GALÁPAGOS ANIMALS There are lots of species of animals in the Galápagos like:i. marine iguanasii. sea lionsiii. marine turtlesiv. hood mockingbirdsv. blue-footed boobiesvi. Galápagos tortoise or Galápagos giant tortoisevii. hammerheads sharksviii. And so on…………
WEATHER Although located on the Equator, the Humboldt Current bringscold water to the islands, causing frequent drizzles during most ofthe year. The weather is periodically influenced by the El Niñoevents, which occur about every 3–7 years and are characterizedby warm sea surface temperatures, a rise in sea level, greaterwave action, and a depletion of nutrients in the water. During the season known as the garua (June to November), thetemperature by the sea is 22 °C (72 °F), a steady and cold windblows from south and southeast, frequent drizzles (garuas) lastmost of the day, and dense fog conceals the islands. During thewarm season (December to May), the average sea and airtemperature rises to 25 °C (77 °F), there is no wind at all, thereare sporadic, though strong, rains and the sun shines.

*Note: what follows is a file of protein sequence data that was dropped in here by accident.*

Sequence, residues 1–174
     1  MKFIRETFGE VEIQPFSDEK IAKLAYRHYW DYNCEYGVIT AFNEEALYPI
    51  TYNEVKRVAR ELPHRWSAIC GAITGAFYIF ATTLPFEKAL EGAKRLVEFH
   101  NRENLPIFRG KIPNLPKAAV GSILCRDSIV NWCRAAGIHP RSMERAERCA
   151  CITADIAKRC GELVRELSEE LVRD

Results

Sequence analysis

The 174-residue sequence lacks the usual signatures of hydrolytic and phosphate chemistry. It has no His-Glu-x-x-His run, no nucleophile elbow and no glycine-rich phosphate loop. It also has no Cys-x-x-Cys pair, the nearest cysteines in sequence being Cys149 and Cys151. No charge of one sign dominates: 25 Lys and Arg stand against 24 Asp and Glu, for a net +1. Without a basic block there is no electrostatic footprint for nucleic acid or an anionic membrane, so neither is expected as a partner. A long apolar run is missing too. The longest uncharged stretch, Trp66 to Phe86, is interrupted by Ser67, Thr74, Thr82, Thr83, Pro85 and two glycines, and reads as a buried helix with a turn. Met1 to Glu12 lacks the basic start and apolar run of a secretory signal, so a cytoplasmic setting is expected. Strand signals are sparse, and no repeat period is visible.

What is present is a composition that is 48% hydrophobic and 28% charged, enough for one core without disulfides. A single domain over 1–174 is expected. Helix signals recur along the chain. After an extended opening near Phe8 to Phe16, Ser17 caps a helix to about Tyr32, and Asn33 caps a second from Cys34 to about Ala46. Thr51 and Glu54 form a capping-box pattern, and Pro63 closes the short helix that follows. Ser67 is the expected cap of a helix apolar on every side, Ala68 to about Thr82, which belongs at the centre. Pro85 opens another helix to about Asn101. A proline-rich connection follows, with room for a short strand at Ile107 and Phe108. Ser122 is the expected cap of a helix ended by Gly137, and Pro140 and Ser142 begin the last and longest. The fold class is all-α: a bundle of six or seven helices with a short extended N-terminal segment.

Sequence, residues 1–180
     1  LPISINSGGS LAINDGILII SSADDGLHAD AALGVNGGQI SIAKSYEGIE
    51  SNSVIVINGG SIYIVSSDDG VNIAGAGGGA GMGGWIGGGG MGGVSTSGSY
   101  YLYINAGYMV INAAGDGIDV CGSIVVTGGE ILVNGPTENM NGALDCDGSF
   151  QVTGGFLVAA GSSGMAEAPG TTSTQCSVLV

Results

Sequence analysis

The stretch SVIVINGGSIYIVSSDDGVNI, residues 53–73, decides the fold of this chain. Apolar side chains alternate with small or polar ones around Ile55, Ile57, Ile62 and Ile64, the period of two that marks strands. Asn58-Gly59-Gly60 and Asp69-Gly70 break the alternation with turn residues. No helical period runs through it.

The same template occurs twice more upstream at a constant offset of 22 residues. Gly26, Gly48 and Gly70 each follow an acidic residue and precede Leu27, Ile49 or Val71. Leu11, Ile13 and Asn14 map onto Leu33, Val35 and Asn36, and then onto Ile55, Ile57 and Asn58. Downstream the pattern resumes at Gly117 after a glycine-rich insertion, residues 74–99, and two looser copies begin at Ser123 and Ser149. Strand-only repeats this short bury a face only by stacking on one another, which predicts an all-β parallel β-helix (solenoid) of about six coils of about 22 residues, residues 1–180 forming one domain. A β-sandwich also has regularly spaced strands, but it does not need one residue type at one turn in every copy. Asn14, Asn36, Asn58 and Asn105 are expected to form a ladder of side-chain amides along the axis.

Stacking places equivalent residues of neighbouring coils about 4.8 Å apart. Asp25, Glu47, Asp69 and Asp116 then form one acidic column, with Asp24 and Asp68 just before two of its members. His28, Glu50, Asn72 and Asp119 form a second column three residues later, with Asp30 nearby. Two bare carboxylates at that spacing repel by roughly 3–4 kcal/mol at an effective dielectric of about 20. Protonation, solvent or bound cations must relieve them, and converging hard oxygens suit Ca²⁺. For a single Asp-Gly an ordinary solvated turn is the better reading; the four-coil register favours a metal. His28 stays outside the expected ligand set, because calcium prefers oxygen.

Weather changes as altitude increases in the large islands.Temperature decreases gradually with altitude, while precipitationincreases due to the condensation of moisture in clouds on theslopes. There is a large range in precipitation from one place toanother, not only with altitude, but also depending on the locationof the islands, and also with the seasons.